Believing the works of previous Indian artists to be overly sentimental, Francis Newton Souza looked to Western Modernism for inspiration on how to radicalize and shock the South Asian art world, founding the legendary Bombay Progressives Artists Group in 1947. A master of line, Souza's forays into the human form are well documented and his works successfully explore a wide range of physiognomies from the most sublime of female nudes to riotous and tortured figural forms.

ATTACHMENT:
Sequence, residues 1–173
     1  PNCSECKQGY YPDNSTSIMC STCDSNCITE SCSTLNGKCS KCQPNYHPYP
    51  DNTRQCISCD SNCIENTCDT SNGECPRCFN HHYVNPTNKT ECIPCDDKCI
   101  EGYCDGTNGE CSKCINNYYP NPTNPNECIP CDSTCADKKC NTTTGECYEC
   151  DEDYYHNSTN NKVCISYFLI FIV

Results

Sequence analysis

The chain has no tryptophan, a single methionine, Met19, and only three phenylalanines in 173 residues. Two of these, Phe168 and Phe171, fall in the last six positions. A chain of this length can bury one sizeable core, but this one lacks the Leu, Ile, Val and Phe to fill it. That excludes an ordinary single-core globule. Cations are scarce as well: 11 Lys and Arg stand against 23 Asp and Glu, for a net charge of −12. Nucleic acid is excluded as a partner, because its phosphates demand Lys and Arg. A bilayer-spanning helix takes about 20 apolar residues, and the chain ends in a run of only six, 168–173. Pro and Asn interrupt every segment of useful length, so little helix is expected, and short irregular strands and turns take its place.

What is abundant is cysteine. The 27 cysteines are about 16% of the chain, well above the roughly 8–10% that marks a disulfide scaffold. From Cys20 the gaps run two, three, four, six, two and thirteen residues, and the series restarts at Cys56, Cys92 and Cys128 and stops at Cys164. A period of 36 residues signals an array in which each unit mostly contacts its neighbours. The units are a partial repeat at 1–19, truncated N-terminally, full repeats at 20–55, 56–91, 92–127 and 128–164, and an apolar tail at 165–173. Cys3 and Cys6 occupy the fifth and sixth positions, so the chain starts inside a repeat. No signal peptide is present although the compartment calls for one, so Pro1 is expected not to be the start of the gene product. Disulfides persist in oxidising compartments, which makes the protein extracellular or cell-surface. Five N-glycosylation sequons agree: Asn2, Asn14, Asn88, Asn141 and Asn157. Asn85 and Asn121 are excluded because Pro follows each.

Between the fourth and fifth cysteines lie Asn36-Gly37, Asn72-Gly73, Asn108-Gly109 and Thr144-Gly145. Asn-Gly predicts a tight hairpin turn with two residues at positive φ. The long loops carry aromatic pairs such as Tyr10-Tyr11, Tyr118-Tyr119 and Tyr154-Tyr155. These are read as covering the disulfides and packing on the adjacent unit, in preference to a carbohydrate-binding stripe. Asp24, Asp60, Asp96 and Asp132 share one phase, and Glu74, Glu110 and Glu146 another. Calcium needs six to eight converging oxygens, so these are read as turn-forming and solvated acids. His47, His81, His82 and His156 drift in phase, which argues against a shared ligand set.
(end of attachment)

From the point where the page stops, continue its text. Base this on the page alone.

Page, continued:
Living in London from 1949 to 1967, Souza often visited the National Gallery, developing a deep appreciation for the work of Rembrandt, Vermeer and most notably Francisco De Goya. Exposed to Goya's famous Pinturas Negras, or black paintings, executed in the final tumultuous years of the Spanish artist's lifetime, Souza, possibly in a reaction to these works, embarked on his own series of all black canvases. Painting these during the mid 1960s, a time in which the artist was suffering severe financial difficulties, drinking heavily, and had begun to lose the favor of his critics whom had previously praised him, the works emerged as a stark and poignant testimony to both Souza's personal state and his feelings on the state of art in general. The choice of all black was courageous as it both made creating the work technically more difficult while simultaneously mocking the commercial viability of paintings in general, sacrificing the popular and the publishable, as these works are notoriously difficult to reproduce in print, for the profound. Shortly after finishing the small group of these black works, Souza, frustrated with his life in England, moved to New York. Many critics have suggested Souza's black paintings are the climax of a period of intense artistic creativity for the artist, their monotone palette focusing attention on Souza's mastery of line and impasto, while providing a clear and unmediated window into the troubled soul of the painter.